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Astrology for Scorpio


By Dan Furst

For New Moon Books Monthly Magazine, October 2011

Remember, remember the fifth of November/Gunpowder, treason and plot.

What does Scorpio have to do with Guy Fawkes? Everything. Nov. 5, when people commemorate his famous attempt to blow up the British Parliament is, in fact, the same day on which the ancient Celtic people burned "the old Guy" in effigy each year. As he and other tokens of the trials and sufferings of the old year went up in flames, the way was opened for the year’s greatest feast. Samhain, on Nov. 1, begins the New Year with the grand rite of the death goddess Cerridwen, whose power waxes now as the Holly King, symbol of the waning sun, grows decrepit with the approach of winter.

Welcome to Scorpio month, Oct. 22 – Nov. 21. Scorpio is the eighth sign of the zodiac, and so corresponds in an astrology chart to the eighth house of death and renewal. It is no accident that witches have always ruled this season, and of all months in the year, it is the Scorpio moon that consumes that which is due to pass away, when the ghosts of the dead roam the Earth, wild, hungry and black for mischief.

The great feasts of the Scorpio season, Hallowe’en on Oct. 31 and All Hallows on the next day, are opposite on the year wheel from the life-affirming festivals of May Day, held when the trees leaf out and the flowers bloom.  So Scorpio month is 180° away from life. In the Druidic calendar, the November New Moon is Dead Moon, beginning Reed Month, said to be most favorable for communication with ancestral spirits. Mexico celebrates its raucous Dia de los Muertos, and Hindus placate Kali the destroyer. In ancient Egypt, festivals of Ra, the cat goddess Bastet and the lioness Sekhmet were all celebrated now. Sekhmet, in her dire aspect as goddess of magic, Lady of Fire and punitive destroyer of evil, is protector of women against rape and all sexual violence. Her feast, and Bastet’s, are the ancient basis of links among Hallowe'en, medicine women and their feline familiars.

What does this have to do with Scorpio people? We’re getting there. The Scorpion is one of the zodiac’s most recognizable star pictures, along with Taurus, Leo and Aquarius, the famous quartet symbolized respectively by the Eagle, the Bull, the Lion and the Angel, the signs that represent the four beasts of Ezekiel, the Christian evangelists, and other emblems of the fixed and secure orientation of human beings in mythic space.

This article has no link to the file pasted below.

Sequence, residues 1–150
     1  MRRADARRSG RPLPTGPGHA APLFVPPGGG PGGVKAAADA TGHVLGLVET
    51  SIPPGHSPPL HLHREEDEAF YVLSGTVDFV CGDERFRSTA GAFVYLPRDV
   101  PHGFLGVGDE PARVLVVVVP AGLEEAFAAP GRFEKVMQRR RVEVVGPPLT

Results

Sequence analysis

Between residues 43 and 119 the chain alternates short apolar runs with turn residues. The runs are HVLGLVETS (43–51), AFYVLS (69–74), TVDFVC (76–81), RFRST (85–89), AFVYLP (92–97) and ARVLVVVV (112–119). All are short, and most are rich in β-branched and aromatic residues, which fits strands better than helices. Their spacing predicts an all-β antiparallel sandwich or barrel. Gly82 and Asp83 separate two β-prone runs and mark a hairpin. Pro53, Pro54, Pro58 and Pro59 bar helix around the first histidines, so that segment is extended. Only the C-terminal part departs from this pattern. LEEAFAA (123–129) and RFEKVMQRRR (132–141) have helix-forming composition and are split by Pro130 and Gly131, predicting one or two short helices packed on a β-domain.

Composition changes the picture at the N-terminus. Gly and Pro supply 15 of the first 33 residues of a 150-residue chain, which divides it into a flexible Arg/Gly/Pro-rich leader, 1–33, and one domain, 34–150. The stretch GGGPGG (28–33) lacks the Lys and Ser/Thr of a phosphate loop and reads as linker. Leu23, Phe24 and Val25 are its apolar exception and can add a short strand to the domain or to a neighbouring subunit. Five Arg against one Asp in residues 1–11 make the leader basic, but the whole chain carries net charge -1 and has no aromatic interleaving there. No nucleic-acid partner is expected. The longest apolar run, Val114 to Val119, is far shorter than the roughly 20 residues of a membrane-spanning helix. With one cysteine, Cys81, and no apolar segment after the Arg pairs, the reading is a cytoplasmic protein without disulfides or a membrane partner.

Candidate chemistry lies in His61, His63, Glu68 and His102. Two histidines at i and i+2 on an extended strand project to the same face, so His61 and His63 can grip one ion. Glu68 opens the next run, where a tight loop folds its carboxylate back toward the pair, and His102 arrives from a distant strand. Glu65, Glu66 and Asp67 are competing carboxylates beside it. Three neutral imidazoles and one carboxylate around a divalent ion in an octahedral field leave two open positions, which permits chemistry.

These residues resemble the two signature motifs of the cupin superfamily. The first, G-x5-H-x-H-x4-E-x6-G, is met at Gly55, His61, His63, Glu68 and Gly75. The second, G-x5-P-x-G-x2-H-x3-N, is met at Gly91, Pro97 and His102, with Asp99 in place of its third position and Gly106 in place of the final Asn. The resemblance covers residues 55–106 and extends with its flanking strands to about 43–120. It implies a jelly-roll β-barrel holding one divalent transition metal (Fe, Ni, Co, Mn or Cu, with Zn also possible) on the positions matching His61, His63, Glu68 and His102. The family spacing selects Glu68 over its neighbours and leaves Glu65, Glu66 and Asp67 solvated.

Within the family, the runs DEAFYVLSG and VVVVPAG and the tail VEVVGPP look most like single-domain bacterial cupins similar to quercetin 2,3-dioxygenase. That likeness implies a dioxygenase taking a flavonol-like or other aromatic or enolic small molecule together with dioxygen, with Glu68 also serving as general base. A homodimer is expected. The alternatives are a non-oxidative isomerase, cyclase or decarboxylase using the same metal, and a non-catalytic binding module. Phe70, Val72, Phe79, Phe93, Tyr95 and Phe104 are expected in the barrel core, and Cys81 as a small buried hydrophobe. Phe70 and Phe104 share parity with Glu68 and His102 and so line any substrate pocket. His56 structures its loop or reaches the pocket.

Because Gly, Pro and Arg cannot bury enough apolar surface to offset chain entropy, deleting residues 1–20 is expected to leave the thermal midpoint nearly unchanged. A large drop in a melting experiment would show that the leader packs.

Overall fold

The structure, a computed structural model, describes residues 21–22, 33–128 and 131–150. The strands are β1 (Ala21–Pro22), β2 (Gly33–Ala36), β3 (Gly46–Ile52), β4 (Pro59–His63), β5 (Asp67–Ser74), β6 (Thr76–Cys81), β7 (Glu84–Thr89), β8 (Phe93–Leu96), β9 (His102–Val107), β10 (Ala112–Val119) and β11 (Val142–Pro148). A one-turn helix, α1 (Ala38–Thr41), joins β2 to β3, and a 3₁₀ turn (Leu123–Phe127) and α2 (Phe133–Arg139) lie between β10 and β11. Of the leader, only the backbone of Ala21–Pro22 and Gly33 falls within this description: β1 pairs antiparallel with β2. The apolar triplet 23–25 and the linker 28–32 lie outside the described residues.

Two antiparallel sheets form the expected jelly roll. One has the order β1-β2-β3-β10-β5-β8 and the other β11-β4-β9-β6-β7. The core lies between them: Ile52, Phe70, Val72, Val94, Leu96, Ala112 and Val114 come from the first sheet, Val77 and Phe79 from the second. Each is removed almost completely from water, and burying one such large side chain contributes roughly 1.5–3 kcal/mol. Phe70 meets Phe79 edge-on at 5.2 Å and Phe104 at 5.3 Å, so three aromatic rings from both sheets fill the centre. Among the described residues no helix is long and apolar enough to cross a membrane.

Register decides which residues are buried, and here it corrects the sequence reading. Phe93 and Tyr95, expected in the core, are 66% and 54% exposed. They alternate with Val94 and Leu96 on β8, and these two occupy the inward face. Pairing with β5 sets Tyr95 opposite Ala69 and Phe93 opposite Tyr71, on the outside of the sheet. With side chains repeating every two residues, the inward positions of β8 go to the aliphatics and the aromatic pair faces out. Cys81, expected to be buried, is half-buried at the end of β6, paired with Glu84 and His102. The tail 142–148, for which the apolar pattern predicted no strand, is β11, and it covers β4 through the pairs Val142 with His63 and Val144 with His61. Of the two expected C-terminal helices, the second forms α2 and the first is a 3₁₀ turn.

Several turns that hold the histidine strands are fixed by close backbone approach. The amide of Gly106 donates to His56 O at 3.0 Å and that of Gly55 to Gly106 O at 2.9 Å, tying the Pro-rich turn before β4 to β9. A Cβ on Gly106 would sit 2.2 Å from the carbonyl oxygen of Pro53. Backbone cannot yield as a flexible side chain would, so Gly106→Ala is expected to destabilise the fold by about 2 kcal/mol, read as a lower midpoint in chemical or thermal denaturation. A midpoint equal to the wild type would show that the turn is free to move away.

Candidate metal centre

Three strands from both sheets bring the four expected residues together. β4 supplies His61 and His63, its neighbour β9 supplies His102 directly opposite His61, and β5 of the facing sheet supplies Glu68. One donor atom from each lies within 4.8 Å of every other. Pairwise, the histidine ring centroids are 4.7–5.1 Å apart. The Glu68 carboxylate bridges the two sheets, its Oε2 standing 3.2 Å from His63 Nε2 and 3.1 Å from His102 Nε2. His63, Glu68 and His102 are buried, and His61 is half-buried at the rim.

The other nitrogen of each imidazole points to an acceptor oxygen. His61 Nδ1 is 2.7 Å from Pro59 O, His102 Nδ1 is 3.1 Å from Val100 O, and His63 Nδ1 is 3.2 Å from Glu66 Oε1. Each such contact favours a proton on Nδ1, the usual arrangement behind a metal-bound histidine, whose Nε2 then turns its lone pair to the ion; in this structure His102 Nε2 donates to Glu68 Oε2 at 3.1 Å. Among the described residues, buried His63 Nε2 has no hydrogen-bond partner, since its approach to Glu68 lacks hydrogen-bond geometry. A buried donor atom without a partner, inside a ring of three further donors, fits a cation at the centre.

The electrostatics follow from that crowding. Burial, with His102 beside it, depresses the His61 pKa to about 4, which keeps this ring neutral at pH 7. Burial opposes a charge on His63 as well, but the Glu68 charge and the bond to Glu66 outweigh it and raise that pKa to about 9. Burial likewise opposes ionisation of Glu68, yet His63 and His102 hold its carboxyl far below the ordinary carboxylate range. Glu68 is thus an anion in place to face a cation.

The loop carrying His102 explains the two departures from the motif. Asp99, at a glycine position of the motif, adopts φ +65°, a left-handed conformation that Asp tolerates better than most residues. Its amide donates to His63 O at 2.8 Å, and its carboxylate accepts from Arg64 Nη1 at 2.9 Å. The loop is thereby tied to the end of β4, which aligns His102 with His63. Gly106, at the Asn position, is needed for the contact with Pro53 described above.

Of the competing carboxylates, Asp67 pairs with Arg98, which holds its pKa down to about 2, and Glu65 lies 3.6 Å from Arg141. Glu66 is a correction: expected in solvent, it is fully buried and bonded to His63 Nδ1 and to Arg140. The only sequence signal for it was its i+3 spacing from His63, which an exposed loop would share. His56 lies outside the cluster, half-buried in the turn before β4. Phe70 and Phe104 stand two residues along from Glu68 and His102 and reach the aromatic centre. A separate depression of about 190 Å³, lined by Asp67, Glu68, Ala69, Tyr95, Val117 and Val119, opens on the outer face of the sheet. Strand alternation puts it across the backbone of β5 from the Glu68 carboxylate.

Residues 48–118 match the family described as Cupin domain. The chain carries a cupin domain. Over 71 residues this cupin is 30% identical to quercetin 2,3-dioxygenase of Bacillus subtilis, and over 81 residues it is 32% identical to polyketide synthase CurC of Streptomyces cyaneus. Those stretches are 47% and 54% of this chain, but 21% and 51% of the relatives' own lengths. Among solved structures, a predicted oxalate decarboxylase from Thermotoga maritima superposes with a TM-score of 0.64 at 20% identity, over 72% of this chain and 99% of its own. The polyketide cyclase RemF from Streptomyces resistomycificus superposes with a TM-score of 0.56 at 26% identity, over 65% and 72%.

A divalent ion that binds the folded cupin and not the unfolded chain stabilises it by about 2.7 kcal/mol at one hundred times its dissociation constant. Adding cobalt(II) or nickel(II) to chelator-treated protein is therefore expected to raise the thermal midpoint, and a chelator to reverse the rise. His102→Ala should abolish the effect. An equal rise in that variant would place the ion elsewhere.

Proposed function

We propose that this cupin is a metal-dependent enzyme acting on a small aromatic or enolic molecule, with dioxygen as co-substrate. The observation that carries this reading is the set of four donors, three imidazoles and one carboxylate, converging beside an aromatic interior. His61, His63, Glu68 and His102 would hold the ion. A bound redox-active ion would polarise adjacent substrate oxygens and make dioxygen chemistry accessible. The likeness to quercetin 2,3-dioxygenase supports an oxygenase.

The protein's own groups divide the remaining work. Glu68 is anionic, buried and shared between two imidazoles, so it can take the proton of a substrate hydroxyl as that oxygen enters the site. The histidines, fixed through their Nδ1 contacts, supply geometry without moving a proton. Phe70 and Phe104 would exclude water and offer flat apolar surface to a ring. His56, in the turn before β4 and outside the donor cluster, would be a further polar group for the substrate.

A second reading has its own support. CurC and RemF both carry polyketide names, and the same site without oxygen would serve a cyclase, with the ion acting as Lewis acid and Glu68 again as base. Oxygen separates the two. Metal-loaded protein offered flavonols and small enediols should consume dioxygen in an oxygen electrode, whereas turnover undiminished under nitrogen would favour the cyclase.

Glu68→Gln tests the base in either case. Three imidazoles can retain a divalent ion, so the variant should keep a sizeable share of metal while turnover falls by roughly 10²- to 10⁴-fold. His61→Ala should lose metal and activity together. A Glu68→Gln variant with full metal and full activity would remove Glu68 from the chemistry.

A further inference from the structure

The fixity of these four signs is one key to Scorpio natives, as they tend to be set in their ways and true to their convictions, persistent in seeking what they want, devoted to the people and things, and the causes and ideas that they cherish. Having a Scorpio on your team is a good way to stay on focus, and keep stamina and continuity for the long run. Scorpios defend their principles fearlessly. Two examples are Martin Luther and Paracelsus, both born Nov.10. Both were bold in challenging established religion and conventional medicine, and both achieved radical, 8th-house  results in regenerating beliefs and institutions that were overdue for change.

While Scorpio’s opposite sign of Taurus is fixed in the earth element, and is a master of gaining and keeping tangible things – this helps makes Taurus an excellent sign for building wealth – Scorpio is fixed in water, the emotional element. This helps explain why Scorpios are among the most loyal people in the zodiac, often sustaining long marriages and keeping friends for a lifetime. It also suggests why they seem to hold on to suspicion, resentment, jealousy and grudges longer than anyone else. Othello and his green-eyed monster could both have been Scorpios. So could the determined Iago.

In classical astrology, Scorpio was one of the two houses, along with Aries, that were said to be ruled by Mars. Modern astrologers agree that Pluto, lord of the underworld, is Scorpio’s true ruler. Pluto is the spymaster who rules mass consciousness, espionage and encryptation, including computer codes, and all efforts to protect and break secrets. Pluto also rules nuclear physics and unstable radioactive elements, so it’s no surprise that Bill Gates (Oct. 28) and Madame Curie (Nov. 7) were both Scorpios.

When provoked, Scorpios are apt to deliver what a Scorpio acquaintance once called “that stinging sensation.” This is why Scorpios can make deadly, implacable enemies as well as loyal friends; and it makes sense that some of the world’s great satirists, among them Voltaire (Nov. 21) and Kurt Vonnegut (Nov. 11) were born under Scorpio.

Natives of this sign tend to live at the extreme edge of experience, and will risk ruin rather than play anything halfway. Emma Bovary is a Scorpio type, as is the crash-burn-and-die figure of Dmitri Karamazov, created by the Scorpio Fyodor Dostoyevsky (Nov. 11), who understood well the process by which suffering purifies the soul, refining it from a serpent into an eagle, and ultimately to a phoenix. Scorpio is passionate in all things. While other signs find their ways of denying, resisting and bargaining with death, Scorpios like Dylan Thomas (Oct. 27) are the ones who “rage against the dying of the light.”

Want to know how the year ahead affects people born in your sign? Dan Furst has been a professional astrologer for thirty-three years. He is the author of Dance of the Moon, and his new book Surfing Aquarius will be published by Red Wheel Weiser in September. He lives in Peru, and does astrology and astrocartography readings for people all over the world by phone and Skype. You can reach him at 51 – 984 – 155622, email His astrology web page is Dan Furst Astrology Web Page.

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